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CLASS 46


Now in its twelfth year, Class 46 is dedicated to European trade mark law and practice. This weblog is written by a team of enthusiasts who want to spread the word and share their thoughts with others.

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Anthonia Ghalamkarizadeh
Birgit Clark
Blog Administrator
Christian Tenkhoff
Fidel Porcuna
Gino Van Roeyen
Markku Tuominen
Niamh Hall
Nikos Prentoulis
Stefan Schröter
Tomasz Rychlicki
Yvonne Onomor
MONDAY, 18 MARCH 2013
ESPE and the final consumer: when being professional is not enough

The owner of the ESPE trade mark opposed in part an application to register as the trade mark the word ESPERLA . Following dismissal of its opposition by the Turkish Patent Institute (TPI), the mark’s owner filed a cancellation action against this refusal, seeking invalidation of the ESPERLA trade mark for the goods and services “dental care products and products for dentistry”.

The Ankara No.1 Intellectual Property Court determined that ESPE and ESPERLA were confusingly similar trade marks, especially considering that no convincing evidence was provided by the applicant to the contrary; on that basis, it was obvious that the word ESPERLA had been derived from the ESPE trade mark.

The trade mark applicant based its defence on the argument that “dental care products and products for dentistry” did not target the average consumer but healthcare professionals, and that end-users of the products did not make a choice between the products. Relying on this, the applicant company alleged that the degree of attention of healthcare professionals was higher than that of the ordinary consumer.  Accordingly, there would not be a likelihood of confusion.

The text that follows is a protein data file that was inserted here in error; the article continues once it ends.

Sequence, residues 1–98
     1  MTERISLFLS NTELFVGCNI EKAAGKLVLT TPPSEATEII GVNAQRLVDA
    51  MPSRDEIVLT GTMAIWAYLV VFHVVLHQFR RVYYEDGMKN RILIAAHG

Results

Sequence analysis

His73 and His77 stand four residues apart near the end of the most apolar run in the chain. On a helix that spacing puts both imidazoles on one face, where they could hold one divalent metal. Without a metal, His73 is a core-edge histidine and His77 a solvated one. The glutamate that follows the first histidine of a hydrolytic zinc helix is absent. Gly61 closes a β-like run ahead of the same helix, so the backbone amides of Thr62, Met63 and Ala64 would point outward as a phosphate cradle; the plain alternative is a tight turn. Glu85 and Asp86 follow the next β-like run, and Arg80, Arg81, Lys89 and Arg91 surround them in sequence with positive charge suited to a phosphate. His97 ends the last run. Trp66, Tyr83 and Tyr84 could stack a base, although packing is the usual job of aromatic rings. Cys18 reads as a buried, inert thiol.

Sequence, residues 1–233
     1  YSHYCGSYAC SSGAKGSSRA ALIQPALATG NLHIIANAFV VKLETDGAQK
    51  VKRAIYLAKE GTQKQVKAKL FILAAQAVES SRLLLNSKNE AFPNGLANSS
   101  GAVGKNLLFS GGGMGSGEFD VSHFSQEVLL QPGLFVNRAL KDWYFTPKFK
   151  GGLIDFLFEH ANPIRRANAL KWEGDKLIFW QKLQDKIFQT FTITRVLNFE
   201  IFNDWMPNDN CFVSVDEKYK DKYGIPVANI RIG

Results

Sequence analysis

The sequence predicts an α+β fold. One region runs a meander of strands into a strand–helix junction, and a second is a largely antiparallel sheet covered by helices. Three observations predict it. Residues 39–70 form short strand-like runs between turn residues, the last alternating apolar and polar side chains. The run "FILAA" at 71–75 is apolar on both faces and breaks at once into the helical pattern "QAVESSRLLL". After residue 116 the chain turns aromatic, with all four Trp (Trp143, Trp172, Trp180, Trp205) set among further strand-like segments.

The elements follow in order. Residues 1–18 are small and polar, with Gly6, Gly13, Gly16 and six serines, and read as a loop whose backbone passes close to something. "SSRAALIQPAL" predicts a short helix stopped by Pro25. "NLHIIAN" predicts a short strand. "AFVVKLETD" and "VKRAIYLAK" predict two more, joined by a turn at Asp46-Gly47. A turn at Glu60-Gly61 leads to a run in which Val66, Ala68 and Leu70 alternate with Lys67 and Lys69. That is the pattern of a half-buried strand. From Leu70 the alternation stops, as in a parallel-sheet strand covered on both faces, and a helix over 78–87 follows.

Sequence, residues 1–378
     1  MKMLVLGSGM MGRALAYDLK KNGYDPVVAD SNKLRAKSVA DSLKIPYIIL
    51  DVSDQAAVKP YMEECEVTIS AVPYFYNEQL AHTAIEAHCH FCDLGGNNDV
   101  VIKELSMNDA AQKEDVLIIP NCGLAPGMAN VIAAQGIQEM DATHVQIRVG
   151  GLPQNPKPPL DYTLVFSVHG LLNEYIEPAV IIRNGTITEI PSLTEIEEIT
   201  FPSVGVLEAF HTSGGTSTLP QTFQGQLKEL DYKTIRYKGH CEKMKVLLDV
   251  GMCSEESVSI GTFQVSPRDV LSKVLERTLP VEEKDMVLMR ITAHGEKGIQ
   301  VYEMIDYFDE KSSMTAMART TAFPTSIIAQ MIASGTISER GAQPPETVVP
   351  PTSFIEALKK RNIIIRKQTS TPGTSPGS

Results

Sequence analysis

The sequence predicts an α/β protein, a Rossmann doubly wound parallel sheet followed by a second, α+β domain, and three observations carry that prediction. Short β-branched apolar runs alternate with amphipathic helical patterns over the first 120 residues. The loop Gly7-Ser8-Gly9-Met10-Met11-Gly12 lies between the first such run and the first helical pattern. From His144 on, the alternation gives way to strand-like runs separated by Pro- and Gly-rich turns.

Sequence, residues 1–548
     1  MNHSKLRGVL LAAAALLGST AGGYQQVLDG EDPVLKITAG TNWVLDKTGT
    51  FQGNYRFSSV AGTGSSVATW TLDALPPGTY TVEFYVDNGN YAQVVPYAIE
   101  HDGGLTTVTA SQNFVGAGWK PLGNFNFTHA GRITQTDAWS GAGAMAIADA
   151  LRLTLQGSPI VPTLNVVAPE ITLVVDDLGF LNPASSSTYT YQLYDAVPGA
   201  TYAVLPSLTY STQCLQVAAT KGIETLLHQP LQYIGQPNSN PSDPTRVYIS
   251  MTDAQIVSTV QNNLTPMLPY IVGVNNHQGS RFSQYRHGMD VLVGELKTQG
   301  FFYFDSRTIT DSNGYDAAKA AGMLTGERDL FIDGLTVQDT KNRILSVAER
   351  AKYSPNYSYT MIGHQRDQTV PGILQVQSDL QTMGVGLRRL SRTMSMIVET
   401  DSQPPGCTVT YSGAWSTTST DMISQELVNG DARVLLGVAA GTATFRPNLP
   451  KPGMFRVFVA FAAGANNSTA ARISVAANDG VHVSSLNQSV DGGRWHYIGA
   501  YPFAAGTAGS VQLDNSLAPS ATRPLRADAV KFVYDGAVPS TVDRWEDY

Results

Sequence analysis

The IP Court however stated that the fact that the targeted consumers of goods and services bearing the applicant’s mark were highly-educated professionals did not decrease the likelihood of confusion between the respective trade marks because the similarity between the trade marks did not arise from a technical necessity of their being used in the same field. Moreover, since ESPE was not a generic term, it was not possible to allow its use as the root of another trade mark just because professionals were the targeted consumer. Finally, the IP Court ruled that the trade marks did not target only health professionals but also average end consumer.

Separately, the IP Court determined that ESPE was a well known mark in the light of the criteria set by the WIPO,.  However the dispute did not require the application of the effect of a well known mark since the disputed goods and services were similar too.

The decision of the IP Court has been upheld by the Courts of Appeal and finalized.  

Source: Selin Sinem Yalıncaklı (Mehmet Gun & Partners, Istanbul, Turkey)

Posted by: Blog Administrator @ 05.07
Tags: Turkey, targeted consumers,
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